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Debates and commercial breaks: A brief history
Socially distanced chairs ahead of the first presidential debate between President Donald Trump and Democratic presidential nominee Joe Biden in Cleveland on Sept. 29, 2020. (AP) Socially distanced chairs ahead of the first presidential debate between President Donald Trump and Democratic presidential nominee Joe Biden in Cleveland on Sept. 29, 2020. (AP)

Socially distanced chairs ahead of the first presidential debate between President Donald Trump and Democratic presidential nominee Joe Biden in Cleveland on Sept. 29, 2020. (AP)

Louis Jacobson
By Louis Jacobson September 29, 2020

If Your Time is short

  • President Donald Trump's campaign accused Democratic presidential nominee Joe Biden of pushing for breaks in the first presidential debate. Biden's campaign said that never happened.
     
  • Either way, commercial breaks were never in the cards. When the nonpartisan Commission on Presidential Debates announced the debate schedule for 2020, the group made clear that they would be held over 90 minutes without any breaks.

The rival camps of President Donald Trump and Democratic presidential nominee Joe Biden spent the hours before their first general-election debate sparring over the issue of commercial breaks.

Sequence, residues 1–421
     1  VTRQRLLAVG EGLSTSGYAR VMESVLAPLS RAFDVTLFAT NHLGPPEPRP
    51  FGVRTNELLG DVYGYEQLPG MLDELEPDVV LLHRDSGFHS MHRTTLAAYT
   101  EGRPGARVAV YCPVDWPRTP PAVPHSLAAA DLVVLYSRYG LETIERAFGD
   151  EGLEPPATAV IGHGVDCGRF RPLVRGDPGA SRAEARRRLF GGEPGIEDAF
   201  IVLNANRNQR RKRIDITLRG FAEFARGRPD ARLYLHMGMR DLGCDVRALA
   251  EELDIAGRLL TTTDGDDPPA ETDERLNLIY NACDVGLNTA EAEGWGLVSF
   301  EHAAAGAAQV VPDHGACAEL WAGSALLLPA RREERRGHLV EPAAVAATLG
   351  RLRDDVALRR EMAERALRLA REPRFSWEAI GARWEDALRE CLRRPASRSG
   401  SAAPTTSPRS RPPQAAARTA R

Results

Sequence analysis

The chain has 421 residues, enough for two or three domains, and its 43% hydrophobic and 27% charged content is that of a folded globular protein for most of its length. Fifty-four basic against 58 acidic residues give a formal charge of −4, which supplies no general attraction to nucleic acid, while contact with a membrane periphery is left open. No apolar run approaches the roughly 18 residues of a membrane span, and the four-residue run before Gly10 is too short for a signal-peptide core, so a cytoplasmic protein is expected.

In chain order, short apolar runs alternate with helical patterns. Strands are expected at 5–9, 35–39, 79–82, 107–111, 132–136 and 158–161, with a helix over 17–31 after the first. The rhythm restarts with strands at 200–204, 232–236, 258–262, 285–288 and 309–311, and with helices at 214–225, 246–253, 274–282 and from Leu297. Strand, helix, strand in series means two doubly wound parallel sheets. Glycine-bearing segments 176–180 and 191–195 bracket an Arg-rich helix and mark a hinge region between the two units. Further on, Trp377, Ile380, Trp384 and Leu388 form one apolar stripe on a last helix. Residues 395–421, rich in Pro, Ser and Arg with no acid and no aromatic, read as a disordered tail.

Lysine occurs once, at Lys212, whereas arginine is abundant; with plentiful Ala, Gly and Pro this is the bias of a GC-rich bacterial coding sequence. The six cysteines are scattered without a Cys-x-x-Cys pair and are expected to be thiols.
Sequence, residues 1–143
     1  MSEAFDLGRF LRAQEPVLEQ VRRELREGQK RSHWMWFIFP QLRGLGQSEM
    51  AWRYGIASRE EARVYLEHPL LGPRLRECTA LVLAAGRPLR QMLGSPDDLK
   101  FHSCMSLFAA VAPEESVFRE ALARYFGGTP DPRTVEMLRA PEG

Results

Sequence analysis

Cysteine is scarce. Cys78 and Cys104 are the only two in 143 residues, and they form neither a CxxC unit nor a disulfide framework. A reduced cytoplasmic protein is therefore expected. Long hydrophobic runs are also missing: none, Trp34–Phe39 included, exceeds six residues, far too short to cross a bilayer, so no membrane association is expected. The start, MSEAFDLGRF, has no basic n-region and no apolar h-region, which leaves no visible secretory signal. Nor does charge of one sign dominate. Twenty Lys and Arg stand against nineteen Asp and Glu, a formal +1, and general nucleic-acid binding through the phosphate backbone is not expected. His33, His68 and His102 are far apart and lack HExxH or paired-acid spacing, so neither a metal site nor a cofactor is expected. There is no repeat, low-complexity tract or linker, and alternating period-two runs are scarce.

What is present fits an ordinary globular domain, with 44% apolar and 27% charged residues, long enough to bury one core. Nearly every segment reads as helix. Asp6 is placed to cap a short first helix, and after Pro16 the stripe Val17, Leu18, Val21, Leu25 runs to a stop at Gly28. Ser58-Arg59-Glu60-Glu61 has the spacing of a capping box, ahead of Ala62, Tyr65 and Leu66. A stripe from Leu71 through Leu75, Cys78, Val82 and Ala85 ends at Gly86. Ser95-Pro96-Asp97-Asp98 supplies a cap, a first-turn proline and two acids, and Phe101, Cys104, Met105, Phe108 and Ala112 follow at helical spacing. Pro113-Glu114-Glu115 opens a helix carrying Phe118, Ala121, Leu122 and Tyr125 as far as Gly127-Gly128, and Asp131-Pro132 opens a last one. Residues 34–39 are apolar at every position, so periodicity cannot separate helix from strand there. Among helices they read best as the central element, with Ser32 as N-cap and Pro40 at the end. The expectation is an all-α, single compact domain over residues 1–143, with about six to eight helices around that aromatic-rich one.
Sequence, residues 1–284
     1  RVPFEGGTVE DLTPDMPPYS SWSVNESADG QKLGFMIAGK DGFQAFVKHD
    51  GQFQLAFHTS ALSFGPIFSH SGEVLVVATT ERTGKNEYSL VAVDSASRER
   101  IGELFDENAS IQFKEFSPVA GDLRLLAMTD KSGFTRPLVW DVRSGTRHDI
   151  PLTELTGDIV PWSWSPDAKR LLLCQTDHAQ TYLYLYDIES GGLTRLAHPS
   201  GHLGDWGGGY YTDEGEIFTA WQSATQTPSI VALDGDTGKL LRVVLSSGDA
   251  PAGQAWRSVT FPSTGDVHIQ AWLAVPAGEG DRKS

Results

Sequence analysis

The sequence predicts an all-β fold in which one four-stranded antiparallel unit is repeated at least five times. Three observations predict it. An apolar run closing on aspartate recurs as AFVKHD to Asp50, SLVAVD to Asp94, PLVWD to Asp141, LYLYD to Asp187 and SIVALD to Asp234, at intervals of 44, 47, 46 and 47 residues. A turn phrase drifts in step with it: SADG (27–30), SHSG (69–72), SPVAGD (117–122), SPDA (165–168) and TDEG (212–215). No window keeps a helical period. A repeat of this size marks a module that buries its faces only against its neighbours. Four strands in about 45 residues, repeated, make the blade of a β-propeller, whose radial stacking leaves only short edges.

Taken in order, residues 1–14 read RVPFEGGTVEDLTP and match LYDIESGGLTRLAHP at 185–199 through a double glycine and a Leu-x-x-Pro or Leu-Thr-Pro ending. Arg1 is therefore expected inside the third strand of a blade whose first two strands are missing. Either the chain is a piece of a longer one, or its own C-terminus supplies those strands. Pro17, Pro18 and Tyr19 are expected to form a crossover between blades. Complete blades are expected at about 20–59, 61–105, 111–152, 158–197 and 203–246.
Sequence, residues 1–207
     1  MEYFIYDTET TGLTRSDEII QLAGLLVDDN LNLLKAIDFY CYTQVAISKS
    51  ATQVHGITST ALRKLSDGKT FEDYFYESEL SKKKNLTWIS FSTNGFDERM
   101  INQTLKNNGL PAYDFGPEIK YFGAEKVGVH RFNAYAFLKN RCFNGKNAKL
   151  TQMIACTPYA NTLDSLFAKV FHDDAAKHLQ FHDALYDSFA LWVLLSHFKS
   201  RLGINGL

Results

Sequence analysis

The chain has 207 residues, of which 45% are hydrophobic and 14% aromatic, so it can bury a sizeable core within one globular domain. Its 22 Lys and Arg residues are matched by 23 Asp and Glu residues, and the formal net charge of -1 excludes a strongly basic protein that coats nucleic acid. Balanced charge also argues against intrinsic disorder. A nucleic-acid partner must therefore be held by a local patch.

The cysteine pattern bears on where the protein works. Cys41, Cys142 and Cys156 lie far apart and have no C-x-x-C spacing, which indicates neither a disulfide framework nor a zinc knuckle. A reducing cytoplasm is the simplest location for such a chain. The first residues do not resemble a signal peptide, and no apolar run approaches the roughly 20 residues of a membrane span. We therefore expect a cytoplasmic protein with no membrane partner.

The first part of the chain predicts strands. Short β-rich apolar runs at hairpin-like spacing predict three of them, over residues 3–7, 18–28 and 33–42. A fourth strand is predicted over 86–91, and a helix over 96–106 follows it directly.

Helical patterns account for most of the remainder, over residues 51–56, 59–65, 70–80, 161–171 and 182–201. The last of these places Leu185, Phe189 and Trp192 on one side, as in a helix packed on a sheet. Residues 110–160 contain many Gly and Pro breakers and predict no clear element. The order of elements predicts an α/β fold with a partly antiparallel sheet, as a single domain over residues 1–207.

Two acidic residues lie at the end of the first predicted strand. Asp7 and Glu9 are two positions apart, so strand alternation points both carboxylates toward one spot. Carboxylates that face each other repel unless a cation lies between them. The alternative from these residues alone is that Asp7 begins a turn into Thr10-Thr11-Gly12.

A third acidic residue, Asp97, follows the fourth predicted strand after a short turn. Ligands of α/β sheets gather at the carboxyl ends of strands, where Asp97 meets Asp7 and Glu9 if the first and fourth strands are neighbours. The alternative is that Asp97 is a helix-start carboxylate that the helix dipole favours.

"Biden’s handlers have asked for multiple breaks during the debate, which President Trump doesn’t need, so we have rejected that request," Trump campaign spokesman Tim Murtaugh told Fox News

But Kate Bedingfield, Biden’s deputy campaign manager, denied in a call with reporters that the Biden camp had ever made such a request.

The reality was that commercial breaks were never in the cards. 

When the nonpartisan Commission on Presidential Debates, which has organized general election debates since 1988, announced the debate schedule for 2020, the group made clear that they would be held over 90 minutes without commercial breaks.

Debates during the presidential primaries are generally organized by media outlets and do often have commercial breaks. But historically, general election debates have not.

The only opportunity that broadcast and cable networks have to monetize the debates are commercial blocks immediately before and after the debate itself. In 2016, some 30-second ads in these slots sold for more than $200,000, the Washington Post reported at the time. 

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Debates and commercial breaks: A brief history